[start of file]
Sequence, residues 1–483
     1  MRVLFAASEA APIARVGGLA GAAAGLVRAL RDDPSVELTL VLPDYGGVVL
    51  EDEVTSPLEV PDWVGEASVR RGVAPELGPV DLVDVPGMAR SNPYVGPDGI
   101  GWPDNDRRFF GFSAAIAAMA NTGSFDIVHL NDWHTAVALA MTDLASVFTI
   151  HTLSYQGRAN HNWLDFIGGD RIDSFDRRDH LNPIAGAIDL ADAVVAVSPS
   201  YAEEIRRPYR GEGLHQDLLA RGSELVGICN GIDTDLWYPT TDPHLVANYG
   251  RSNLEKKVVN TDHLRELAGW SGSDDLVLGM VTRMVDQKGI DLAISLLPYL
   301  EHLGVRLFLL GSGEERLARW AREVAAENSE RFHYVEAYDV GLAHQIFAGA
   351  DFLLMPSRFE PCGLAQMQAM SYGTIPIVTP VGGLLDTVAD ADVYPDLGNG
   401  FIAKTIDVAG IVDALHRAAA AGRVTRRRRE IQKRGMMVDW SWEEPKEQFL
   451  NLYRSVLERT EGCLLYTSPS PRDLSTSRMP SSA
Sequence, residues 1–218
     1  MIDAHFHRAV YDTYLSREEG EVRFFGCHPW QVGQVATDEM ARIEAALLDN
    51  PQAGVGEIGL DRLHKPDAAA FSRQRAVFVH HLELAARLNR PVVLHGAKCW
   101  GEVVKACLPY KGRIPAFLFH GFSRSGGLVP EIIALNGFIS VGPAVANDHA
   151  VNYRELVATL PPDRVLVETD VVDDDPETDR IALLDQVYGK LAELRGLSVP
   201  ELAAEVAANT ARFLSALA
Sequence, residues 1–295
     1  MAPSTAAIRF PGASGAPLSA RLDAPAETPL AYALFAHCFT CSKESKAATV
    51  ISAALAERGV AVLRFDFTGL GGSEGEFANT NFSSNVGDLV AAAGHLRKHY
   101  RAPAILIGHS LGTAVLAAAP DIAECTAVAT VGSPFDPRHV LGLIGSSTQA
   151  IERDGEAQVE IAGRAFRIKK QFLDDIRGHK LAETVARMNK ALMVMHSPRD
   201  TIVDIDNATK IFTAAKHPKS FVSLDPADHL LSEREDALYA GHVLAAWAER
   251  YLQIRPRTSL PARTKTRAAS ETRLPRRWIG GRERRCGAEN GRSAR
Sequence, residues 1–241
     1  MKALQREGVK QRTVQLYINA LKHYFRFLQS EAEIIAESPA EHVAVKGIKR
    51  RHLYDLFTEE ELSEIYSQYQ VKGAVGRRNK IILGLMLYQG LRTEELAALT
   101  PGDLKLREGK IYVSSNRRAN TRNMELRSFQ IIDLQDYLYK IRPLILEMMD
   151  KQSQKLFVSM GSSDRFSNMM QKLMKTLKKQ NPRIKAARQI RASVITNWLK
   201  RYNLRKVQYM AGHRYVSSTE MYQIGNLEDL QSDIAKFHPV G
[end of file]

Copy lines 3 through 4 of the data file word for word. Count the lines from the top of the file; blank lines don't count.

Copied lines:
    51  EDEVTSPLEV PDWVGEASVR RGVAPELGPV DLVDVPGMAR SNPYVGPDGI
   101  GWPDNDRRFF GFSAAIAAMA NTGSFDIVHL NDWHTAVALA MTDLASVFTI